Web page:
great promises. They’ve promised, as you mentioned, to bring in a chief science officer that would
help allow scientists to be unmuzzled, to share their work freely, and also make sure
that evidence was considered during parliamentary decisions. So that’s a great starting point.
They have pledged funding for Fisheries and Oceans, as you mentioned, also for science
for Parks Canada. It is a great start, but what we need is we
need a lot more support for basic science. We need support for researchers to be able
to do the kind of work that leads to, for example, the Nobel Peace Prize, or the Nobel
Prize in science, which was won by a Canadian just two weeks ago. And that sort of thing
comes from foundational research. PERIES: Now, Alana, Trudeau is planning to
continue a Harper-type agenda when it comes to extraction and pipeline construction, and
moreover has supported the Keystone XL pipeline. Do you think that this might curb efforts
by the scientists to speak freely? WESTWOOD: Well, the Liberal government has
promised to work with the provinces and to address climate change. However, there’s no
concrete emissions targets in their platform, so it remains to be seen how that falls out.
But I know that they do at least seem to be wanting to start off the next series of climate
talks on a different foot. They’ve also planned to bring back federal
environmental assessments, which were slashed under the Harper government. So that could
mean a lot. This would allow for assessments of cumulative effects, looking at the effects
of projects like Energy East or trans-Canada pipelines sort of across the range of the
project. So it really depends how strong the legislation is around environmental assessment
and whether or not it has any teeth. PERIES: Now, one curious thing for me, being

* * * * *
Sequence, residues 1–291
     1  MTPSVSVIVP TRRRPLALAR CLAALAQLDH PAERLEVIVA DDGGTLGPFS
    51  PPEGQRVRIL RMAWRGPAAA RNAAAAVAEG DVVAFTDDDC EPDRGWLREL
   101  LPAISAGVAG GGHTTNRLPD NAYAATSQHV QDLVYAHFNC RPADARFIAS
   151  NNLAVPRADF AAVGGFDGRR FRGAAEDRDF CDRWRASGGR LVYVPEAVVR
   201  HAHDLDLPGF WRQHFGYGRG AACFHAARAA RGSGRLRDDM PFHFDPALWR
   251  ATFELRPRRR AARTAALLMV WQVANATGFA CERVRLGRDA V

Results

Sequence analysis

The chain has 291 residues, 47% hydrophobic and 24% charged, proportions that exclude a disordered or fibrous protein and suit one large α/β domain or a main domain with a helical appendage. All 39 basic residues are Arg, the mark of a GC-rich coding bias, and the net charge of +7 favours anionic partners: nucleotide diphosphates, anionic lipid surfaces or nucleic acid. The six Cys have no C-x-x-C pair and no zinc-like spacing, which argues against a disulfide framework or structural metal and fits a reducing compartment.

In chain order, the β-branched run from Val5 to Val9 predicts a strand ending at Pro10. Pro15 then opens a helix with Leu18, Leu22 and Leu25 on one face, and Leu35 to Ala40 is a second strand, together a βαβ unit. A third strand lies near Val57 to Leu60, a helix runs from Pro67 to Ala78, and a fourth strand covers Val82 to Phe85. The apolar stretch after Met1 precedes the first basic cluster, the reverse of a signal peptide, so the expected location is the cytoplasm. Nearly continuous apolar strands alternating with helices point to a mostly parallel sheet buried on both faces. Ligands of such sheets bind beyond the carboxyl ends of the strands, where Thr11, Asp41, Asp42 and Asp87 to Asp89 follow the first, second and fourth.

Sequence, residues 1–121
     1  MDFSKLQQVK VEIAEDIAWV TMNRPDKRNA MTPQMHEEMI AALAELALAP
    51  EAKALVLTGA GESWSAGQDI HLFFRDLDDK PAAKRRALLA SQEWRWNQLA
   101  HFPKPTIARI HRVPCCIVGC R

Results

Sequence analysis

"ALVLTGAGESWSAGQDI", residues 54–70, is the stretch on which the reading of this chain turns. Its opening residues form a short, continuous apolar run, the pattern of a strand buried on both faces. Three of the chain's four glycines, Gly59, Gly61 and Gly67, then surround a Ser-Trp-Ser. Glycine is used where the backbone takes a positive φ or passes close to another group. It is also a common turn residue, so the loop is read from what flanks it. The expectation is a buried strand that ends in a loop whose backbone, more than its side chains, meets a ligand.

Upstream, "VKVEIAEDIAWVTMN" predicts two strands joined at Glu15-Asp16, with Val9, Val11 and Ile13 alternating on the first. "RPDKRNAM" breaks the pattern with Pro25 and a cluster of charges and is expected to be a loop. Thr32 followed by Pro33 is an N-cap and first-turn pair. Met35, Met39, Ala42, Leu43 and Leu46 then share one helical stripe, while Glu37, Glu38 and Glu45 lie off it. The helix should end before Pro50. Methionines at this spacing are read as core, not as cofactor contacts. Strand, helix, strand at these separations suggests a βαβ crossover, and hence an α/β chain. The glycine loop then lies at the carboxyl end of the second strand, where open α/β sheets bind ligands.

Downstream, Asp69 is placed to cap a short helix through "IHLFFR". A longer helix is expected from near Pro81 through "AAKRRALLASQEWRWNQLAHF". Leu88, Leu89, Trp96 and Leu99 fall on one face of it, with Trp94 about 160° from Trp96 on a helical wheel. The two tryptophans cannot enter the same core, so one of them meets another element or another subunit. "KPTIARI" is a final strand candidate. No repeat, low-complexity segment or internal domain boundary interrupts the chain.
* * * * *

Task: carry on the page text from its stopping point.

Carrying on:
an outsider from science looking in, is that it’s taken so long for the scientific community
to protest, to take a position, to really crack down on this kind of de-funding and
really come out in the way that they protested to get Harper out. Why didn’t they do this
a long time ago? WESTWOOD: It’s actually a very unique thing
that’s happened here in Canada. In 2012 we saw thousands of scientists march on Parliament
Hill demanding a change, and that was the first time anything like that’s happened.
Scientists in general tend to be a somewhat reclusive bunch. They’re very curious, driven
by specific questions, and they want to focus on those questions rather than focus on political
engagement. But this is the first time that I’ve seen in Canada, and in fact that I’ve
really seen anywhere else, that en masse scientists are realizing that if they don’t take responsibility
for their own voice no one else is going to do it. So now finally we’re seeing scientists standing
up and saying the situation is so bad we’re not going to stand for this. It’s time to
demand change. And that’s exactly why Evidence for Democracy was formed, as well as other
groups that have gotten involved and really drove a lot of, a lot of the different thinking
that we saw around this election. PERIES: Alana Westwood, she is the research
coordinator for Evidence for Democracy, a Canadian nonprofit. I thank you so much for
joining us, Alana, and I wish you lots of luck in moving forward with the Liberals here. WESTWOOD: Thank you so much. PERIES: And thank you for joining us on the
Real News Network.